9 Comments

Filed under chain restaurants, food, proprietors & careers, theme restaurants

9 responses to “Anatomy of a corporate restaurant executive

  1. David Baron

    I was hired by Mr. Rufe out of Florida Intl. University. I started as a manager at the Joshua tree in 1974. In 1975-77, I was at Phineas Prime rib in Rockville Md. Mr. Rufe played a very important part in my life. The training I received let me open my own restaurants in South Florida. He will always be remembered.
    Anyone that worked in Dinner house division from 1973-78 please contact me at dbaron52@yahoo.com

  2. Phil Davis

    I was hired by Mr. Rufe in 1973 … as a prep cook at the Joshua Tree in McLean, VA. I worked for the dinner house division until 1979. My positions ranged from hourly to regional management. Mr. Rufe was an amazing man that I admired very much. The last time I spoke to him was in 1987. He was working for Hilton International. He had an amazing collection of door knobs from around the world!

  3. Great post Jan, well-done. This limns the much bigger picture behind the celebrity of chefs and revolving food trends.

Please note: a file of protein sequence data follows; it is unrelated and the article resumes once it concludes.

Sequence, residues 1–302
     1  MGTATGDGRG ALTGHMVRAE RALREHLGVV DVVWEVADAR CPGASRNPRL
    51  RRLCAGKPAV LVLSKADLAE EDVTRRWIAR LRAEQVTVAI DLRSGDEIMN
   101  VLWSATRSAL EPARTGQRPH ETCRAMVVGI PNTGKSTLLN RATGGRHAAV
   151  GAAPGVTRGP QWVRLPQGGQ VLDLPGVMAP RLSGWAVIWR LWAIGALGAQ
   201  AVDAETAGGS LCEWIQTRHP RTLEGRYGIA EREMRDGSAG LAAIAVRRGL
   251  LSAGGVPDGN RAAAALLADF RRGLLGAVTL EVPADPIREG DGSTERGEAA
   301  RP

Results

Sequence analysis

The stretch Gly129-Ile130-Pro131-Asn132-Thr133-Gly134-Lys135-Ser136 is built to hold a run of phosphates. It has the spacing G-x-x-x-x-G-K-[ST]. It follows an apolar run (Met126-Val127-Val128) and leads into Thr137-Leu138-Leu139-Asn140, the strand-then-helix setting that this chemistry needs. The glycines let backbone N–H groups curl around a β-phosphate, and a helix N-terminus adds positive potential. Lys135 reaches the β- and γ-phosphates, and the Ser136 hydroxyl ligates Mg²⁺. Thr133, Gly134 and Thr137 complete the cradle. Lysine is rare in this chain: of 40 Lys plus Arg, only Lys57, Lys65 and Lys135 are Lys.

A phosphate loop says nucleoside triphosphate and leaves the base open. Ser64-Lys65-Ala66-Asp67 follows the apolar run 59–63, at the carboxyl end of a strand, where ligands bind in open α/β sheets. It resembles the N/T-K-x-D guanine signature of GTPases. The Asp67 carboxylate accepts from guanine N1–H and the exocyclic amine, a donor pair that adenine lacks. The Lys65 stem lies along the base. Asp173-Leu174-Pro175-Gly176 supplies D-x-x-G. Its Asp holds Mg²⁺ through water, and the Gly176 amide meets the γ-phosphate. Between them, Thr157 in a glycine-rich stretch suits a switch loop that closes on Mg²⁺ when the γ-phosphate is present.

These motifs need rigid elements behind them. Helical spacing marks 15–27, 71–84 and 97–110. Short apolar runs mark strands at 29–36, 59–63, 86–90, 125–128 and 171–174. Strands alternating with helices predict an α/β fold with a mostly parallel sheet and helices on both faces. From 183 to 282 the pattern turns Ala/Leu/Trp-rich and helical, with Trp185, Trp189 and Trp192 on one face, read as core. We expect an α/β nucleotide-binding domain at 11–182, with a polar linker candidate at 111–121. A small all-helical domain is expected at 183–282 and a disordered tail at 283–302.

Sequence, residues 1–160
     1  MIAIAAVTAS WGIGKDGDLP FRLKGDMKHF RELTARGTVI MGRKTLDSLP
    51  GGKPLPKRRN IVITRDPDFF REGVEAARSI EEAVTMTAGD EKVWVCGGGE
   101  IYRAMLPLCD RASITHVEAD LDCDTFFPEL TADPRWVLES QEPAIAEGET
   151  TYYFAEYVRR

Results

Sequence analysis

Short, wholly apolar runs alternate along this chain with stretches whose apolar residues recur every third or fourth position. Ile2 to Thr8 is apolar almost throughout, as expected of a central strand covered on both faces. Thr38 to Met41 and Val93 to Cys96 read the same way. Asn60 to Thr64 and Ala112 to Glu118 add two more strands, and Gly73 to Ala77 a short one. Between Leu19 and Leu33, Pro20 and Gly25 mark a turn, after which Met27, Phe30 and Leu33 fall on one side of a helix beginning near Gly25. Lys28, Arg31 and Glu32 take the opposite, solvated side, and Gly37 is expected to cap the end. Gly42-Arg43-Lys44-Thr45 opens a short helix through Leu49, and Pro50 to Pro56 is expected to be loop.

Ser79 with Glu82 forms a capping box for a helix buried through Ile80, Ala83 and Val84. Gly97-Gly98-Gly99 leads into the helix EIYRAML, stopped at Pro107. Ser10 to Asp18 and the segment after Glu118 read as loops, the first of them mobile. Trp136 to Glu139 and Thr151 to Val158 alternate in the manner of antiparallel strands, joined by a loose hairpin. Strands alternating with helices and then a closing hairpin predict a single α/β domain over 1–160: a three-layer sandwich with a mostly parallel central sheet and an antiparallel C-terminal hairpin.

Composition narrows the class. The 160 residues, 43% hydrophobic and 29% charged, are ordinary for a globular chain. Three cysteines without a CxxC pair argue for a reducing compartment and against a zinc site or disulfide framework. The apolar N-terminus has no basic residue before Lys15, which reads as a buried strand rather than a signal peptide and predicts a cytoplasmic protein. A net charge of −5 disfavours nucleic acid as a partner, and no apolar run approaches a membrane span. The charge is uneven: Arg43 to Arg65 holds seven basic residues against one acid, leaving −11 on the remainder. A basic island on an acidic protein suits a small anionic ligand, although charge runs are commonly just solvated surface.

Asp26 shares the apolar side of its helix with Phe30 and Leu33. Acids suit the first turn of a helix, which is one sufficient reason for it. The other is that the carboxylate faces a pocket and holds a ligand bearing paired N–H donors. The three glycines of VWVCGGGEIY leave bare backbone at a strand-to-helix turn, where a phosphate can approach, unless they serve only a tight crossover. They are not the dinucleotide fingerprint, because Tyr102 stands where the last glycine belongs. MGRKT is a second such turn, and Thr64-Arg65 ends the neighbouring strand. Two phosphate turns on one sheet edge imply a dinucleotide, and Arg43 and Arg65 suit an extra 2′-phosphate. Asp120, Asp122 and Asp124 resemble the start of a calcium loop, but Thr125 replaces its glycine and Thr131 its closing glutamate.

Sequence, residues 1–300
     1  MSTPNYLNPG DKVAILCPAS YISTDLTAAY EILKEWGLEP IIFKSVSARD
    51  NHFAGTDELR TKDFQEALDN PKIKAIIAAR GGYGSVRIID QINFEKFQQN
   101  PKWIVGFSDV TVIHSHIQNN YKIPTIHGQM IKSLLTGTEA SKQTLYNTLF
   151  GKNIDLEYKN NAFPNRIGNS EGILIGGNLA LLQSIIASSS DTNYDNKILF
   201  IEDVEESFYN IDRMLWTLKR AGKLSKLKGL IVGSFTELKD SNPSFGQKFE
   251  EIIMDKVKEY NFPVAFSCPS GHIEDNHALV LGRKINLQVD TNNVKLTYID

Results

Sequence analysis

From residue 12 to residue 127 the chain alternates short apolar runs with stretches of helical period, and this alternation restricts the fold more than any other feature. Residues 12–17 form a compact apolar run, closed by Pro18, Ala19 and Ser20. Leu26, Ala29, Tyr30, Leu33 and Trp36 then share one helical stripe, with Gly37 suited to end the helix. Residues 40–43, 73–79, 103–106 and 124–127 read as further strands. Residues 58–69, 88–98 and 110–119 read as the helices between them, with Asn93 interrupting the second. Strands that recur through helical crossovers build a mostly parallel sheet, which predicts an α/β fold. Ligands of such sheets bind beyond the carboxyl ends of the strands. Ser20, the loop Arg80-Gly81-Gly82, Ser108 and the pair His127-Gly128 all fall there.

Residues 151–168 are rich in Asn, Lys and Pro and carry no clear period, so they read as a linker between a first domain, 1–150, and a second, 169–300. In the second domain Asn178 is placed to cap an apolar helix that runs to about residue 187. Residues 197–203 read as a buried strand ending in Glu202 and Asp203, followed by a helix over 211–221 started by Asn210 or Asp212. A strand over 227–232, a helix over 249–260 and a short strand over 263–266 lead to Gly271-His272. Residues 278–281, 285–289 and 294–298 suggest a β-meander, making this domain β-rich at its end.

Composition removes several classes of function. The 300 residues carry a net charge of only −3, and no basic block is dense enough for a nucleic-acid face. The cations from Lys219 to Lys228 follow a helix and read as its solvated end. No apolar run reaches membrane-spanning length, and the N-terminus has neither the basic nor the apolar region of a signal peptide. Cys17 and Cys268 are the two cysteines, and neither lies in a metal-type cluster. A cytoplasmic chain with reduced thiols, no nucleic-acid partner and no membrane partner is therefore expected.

Gary

  4. This is a really fascinating post. My daughter had a ‘best’ friend at school in London whose grandparents made a small fortune by developing ‘Berni Inns’, a chain of restaurants which seem to follow the pattern created by Frederick Rufe. Berni Inns were, for many British citizens, the the first post war ‘proper’ restaurants that the less affluent could afford, and which introduced them to the idea of dining in a restaurant. Now it is a whole new world in the UK, and Berni Inns (though fondly remembered by elderly folk) are sneered at and looked down on – a shame, as they filled a need.

  5. misenplacememoir

    Fascinating post! I wonder if my former boss, Chuck Sanders, of Worlds Fair concession and Belgian waffle fame knew this guy. He started out as a street vendor at Seattle’s Expo’62 and wound up being “Mr. Expo.” There is so much in the background of restaurant history…love the read!

  6. Marcia Biederman

    Terrific, like everything on your blog. I just cited one of your published essays, “Domesticating the Restaurant: Marketing the Anglo-American Home,” on a Wikipedia entry I created about Patricia Murphy. https://en.wikipedia.org/wiki/Patricia_Murphy
    I’m working on a biography of Murphy; a literary agent is currently showing my proposal to publishers. The title of my book is “Restauratrice: How Patricia Murphy Became a Real-Life Mildred Pierce,” because, as you suggested on your Mildred Pierce post, it was so unlikely for a woman with no formal management training to have started a sustainable restaurant chain during the Great Depression Yet Murphy did just that, for reasons you explained in your essay. (I used the feminine form, restauratrice for her profession, because that’s how she was described in publicity materials promoting her 1961 autobiography).